Investigating the Mechanisms of Very Early Alzheimer's Disease

Researchers here look at cellular dysfunction that may form the earliest stages of Alzheimer's disease, prior to the accumulation of misfolded amyloid-β and cognitive decline. In general, intervening early in the progression of a disease will always be easier, given the right target. The challenge lies in identifying and understanding the causative mechanisms, in an environment in which (a) there is little access to brain tissue in the earliest stages of Alzheimer's disease, and (b) the animal models are highly artificial, as mice do not normally develop anything resembling Alzheimer's disease, and thus may not accurately reflect important aspects of the human condition.

Amyloid precursor protein (APP) is found in the cell membranes of brain cells. The brain constantly produces new APP molecules while breaking down and removing old ones. This process involves enzymatic scissors, with gamma-secretase being the final one that generates the well-known and well-studied amyloid-β (Aβ) peptides in Alzheimer's disease (AD). For a long time, it was thought that blocking gamma-secretase would be the logical step to prevent the production of toxic Aβ fragments. However, this leads to the accumulation of their precursor, the APP-C-Terminal Fragments, or APP-CTFs. Now, researchers have discovered that these fragments are also toxic to neurons. They appear to accumulate between the endoplasmic reticulum (ER), the compartment that is crucial for lipid synthesis and calcium storage, and the lysosomes, the so-called 'waste bins' of neurons, which are critical for degrading the cell's waste products.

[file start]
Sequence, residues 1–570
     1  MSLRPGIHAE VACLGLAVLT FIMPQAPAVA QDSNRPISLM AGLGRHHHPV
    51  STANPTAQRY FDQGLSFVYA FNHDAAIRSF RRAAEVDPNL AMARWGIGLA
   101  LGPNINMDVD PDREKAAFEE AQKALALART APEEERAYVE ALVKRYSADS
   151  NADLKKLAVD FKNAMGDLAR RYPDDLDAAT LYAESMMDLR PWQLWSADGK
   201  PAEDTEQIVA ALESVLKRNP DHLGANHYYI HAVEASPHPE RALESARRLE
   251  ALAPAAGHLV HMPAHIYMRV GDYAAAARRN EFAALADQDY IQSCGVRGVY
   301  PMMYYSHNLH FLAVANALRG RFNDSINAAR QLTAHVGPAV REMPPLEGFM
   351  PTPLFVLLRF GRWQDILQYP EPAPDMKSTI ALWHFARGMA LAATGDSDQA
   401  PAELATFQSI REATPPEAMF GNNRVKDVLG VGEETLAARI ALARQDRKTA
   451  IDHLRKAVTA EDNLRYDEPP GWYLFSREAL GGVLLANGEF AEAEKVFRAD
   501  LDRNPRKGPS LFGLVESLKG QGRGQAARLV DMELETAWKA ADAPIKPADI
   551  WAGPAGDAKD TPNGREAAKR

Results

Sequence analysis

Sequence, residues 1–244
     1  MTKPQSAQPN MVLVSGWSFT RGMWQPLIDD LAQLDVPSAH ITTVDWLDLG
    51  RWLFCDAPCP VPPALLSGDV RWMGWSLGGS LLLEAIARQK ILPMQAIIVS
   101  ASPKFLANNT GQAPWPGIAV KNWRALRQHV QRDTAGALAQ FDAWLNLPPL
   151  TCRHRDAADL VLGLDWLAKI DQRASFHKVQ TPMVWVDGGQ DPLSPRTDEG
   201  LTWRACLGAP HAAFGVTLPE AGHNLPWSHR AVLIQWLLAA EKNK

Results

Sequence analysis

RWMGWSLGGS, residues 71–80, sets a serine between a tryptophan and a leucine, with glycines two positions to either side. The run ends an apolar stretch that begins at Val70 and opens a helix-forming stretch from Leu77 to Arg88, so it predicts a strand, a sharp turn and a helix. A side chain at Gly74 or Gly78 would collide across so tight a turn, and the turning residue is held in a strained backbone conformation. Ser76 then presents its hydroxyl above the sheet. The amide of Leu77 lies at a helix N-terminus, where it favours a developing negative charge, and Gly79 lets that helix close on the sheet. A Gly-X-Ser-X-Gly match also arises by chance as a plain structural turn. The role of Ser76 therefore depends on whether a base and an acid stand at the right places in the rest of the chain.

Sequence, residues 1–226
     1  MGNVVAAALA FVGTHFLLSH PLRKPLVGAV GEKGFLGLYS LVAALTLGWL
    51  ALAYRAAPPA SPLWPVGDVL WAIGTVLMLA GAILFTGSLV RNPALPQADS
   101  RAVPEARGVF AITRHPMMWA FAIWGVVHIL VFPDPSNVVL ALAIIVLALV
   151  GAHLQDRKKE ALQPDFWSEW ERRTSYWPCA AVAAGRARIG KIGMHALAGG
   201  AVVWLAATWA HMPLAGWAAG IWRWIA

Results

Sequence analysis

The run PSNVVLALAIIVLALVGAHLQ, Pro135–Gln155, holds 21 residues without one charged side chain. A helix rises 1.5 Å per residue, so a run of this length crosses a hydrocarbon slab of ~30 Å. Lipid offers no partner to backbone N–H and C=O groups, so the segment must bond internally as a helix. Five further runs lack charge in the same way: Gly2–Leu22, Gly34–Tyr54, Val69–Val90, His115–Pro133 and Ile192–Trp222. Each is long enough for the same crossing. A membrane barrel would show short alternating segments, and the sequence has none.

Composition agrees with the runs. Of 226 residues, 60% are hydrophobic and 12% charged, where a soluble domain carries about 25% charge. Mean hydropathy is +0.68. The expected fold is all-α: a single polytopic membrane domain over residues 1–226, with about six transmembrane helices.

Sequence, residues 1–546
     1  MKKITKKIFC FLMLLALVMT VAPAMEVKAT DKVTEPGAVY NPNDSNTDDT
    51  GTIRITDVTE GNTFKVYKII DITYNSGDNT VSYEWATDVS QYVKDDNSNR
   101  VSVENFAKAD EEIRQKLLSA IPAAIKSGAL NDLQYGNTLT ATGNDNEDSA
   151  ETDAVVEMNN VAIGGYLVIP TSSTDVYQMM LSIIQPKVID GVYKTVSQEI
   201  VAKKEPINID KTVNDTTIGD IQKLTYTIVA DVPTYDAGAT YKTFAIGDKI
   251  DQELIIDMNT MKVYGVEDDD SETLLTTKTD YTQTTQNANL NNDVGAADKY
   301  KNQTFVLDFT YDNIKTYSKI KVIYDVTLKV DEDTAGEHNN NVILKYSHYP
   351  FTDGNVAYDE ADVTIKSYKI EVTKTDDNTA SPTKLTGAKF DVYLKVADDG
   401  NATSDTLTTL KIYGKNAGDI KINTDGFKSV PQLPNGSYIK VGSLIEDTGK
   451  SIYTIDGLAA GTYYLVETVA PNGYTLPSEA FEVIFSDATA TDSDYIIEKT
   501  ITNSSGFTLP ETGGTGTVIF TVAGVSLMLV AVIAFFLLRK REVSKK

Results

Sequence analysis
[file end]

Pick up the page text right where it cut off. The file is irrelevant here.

By doing so, APP-CTFs disrupt the delicate balance of calcium within lysosomes. This disruption triggers a cascade of events. The ER can no longer effectively refill lysosomes with calcium, leading to a buildup of cholesterol and a decline in their ability to break down cellular waste. This results in the collapse of the entire endolysosomal system, a crucial pathway for maintaining healthy neurons. The new study further supports that the APP-CTFs resulting from suppressing gamma-secretase might actually be the culprit behind endolysosomal dysfunction, as observed in the very early stages of AD.

This research significantly advances our comprehension of the potential causes of disease in the early stages of AD. A remarkable outcome of this study is that these early stages could be caused by another fragment of the same APP molecule rather than Aβ. This has significant implications for the current therapeutic approaches that aim to clear the AD brain from amyloid plaques, as they tend to ignore the toxic effects of other fragments. Other attempts focus on tau proteins or neuroinflammation, which are other hallmarks of AD progression that target later events. However, early intervention is likely the key to stopping or even preventing AD.


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